2005

Turkey

CS

22

22

6

FT3, FT4

Increased prevalence of BC

Szychta et al. [1]

2013

Poland

CC

9

490

7

FT3, FT4

Increased prevalence of BC

Takatani et al. [23]

1989

Japan

CS

39

36

6

FT3, FT4

Increased prevalence of BC

Turken et al. [18]

2003

Turkey

CS

149

100

5

FT3, FT4

Not associated with BC incidence

Valizadeh et al. [4]

2015

Iran

CS

41

38

10

FT3, FT4

Not associated with BC incidence

Statistical analysis

Meta-analysis was conducted using Cochrane Review Manager, version 5.3 (Cochrane Library, Oxford, UK) and Stata version 12.0 (Stata Corp, College Station, TX, USA). A fixed or random-effect model [24] was used to obtain the pooled mean difference (MD) for the effect of FT3 and FT4 on the risk of developing BC. The heterogeneity of the study results was evaluated by Cochran Q statistic [25], p values, and I2 statistics. The extent of heterogeneity was further quantified using the I2 statistic with results of 25, 50, and 75% correlating with low, moderate, and high levels of heterogeneity, respectively. P values < 0.1 was indicative of statistically significant heterogeneity. Different environments and races may lead to high levels of heterogeneity; therefore, the areas were classified as “Europe” and “Asia” to investigate between-study heterogeneity, and the specific measure of sensitivity was analysed by evaluating whether the results were influenced by a single study. Moreover, Begg’s adjusted rank correlation test [26] and Egger’s regression asymmetry test [27] were used to assess the extent of publication bias.

Results

Description of studies

Based on the search strategy, we retrieved 10,862 studies and excluded 10,849 studies for various reasons, as shown in Figure 1. Thirteen studies [1, 2, 4, 5, 14, 16–23] were eventually included in this systematic review; among these, 10 [1, 2, 4, 5, 14, 17–20, 23] were about FT3 and 13 [1, 2, 4, 5, 14, 16–23] were about FT4. The systematic review contained 9 cross-sectional studies, 2 case-control studies, and 2 cohort studies. We summarized the main characteristics of the studies, as shown in Table 2.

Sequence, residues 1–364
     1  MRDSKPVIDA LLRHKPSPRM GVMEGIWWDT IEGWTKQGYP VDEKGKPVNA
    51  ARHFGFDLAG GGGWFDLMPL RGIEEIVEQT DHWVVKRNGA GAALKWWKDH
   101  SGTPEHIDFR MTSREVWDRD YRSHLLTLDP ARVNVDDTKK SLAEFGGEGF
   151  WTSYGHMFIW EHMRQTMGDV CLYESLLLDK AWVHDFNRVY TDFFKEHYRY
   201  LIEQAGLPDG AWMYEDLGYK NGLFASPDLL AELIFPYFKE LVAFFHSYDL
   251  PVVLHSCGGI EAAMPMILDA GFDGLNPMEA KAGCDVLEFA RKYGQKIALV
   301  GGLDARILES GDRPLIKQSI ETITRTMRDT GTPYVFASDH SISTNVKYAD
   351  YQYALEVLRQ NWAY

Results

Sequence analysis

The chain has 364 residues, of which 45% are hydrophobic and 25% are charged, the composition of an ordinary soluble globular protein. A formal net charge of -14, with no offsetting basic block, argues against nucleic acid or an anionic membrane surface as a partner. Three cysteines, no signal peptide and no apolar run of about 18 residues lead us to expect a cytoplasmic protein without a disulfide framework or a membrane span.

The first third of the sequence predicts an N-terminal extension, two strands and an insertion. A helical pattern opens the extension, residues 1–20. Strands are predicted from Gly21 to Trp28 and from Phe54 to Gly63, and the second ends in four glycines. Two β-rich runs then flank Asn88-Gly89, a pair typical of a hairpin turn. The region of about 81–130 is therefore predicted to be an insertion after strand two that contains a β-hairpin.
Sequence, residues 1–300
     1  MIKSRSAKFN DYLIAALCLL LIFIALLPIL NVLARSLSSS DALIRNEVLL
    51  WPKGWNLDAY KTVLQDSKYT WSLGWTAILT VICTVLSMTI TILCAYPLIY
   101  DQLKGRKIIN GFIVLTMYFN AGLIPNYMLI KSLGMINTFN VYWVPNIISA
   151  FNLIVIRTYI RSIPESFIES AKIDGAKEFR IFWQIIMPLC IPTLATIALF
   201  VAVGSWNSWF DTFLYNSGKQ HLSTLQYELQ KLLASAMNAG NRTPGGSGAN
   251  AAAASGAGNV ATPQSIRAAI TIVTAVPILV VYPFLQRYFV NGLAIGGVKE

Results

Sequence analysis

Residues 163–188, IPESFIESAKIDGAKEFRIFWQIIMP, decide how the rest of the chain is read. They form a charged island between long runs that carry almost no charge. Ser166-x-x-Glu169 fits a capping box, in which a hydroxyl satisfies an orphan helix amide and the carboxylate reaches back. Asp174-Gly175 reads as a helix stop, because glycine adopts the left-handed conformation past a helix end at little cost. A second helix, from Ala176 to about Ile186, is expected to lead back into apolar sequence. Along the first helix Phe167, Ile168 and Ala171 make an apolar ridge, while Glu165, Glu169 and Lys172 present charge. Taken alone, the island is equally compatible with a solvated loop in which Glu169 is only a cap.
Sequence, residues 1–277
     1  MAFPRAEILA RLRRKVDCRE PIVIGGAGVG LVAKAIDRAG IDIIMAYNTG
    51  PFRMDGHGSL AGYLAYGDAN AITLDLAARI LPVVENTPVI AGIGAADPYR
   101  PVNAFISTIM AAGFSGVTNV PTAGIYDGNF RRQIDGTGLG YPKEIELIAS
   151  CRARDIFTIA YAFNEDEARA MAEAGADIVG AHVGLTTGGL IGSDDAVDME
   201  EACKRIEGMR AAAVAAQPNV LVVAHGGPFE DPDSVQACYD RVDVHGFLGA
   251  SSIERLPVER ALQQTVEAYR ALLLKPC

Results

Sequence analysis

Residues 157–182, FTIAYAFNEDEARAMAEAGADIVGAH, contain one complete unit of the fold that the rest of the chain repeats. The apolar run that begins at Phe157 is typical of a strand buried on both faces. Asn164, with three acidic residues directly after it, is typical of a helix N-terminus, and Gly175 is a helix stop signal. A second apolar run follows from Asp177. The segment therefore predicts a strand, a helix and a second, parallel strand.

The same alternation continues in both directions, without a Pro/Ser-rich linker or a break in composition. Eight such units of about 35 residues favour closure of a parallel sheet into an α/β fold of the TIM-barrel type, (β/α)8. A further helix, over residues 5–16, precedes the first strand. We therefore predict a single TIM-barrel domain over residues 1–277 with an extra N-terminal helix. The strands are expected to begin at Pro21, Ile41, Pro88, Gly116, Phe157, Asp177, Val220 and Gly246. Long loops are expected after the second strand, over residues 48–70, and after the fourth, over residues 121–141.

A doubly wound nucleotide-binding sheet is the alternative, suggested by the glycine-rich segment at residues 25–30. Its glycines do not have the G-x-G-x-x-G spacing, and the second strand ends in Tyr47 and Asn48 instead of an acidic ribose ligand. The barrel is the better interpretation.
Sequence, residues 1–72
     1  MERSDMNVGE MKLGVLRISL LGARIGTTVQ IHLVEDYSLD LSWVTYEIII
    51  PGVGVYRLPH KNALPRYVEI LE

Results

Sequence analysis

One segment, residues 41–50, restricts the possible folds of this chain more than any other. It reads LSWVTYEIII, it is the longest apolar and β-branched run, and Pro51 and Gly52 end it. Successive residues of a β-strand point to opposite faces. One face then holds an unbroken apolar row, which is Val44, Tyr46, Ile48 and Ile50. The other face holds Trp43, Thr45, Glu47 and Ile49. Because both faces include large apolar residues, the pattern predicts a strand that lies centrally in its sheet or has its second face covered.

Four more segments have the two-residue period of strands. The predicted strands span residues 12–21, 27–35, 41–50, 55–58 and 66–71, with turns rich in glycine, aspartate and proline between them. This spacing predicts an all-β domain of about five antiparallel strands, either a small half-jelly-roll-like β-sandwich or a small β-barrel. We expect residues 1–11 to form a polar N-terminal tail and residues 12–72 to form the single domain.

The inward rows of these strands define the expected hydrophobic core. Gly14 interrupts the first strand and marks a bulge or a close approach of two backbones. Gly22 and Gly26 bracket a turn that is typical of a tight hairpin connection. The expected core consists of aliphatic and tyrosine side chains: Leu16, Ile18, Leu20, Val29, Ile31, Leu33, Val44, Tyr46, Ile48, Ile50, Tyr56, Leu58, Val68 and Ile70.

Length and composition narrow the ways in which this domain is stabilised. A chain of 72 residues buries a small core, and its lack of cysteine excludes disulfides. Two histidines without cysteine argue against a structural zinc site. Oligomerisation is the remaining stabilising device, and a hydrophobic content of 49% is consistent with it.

168860.png
Figure 1. Results of the literature search. T3triiodothyronine; T4thyroxine; FT3free triiodothyronine; FT4free thyroxine
Table 2. The summary result for publication bias

Begg’s test

Egger’s test

FT3

z = 0.72

p = 0.474

t = 0.73

p = 0.486

FT4

z = 0.55

p = 0.583

t = –0.53

p = 0.607

Methodological quality assessment

All the selected articles were assessed for methodological quality. The quality score of each study is presented in Table 1. Five studies were of high quality and eight studies were of moderate quality. There were no articles with a low quality rating.

FT3 and BC risk

We found 10 studies with 2934 participants investigating FT3 hormones levels and the association of BC. In all the analyses, the overall pooled results of FT3 parameters demonstrated that the hormone levels of FT3 were significantly increased in patients with BC (MD = 1.01 pmol/L, 95% CI: 0.321.70, p = 0.004) with high levels of heterogeneity (I2 = 100%, p < 0.00001). Hence, we used a random-effect model and classified the areas as “Europe” and “Asia” to assess the heterogeneity of the study. In the “Europe” subgroup [1, 5, 19, 20] the level of heterogeneity was low (I2 = 6%, p = 0.36) and the results were significantly different (MD = 0.42 pmol/L, 95% CI: 0.340.50, p = 0.36), but in the “Asia” subgroup [2, 4, 14, 17, 18, 23], there was no significant difference in hormone levels between FT3 and BC (MD = 1.43 pmol/L, 95% CI: –0.693.55), and the heterogeneity (I2 = 100%, p < 0.00001) was also high (Fig. 2).

168899.png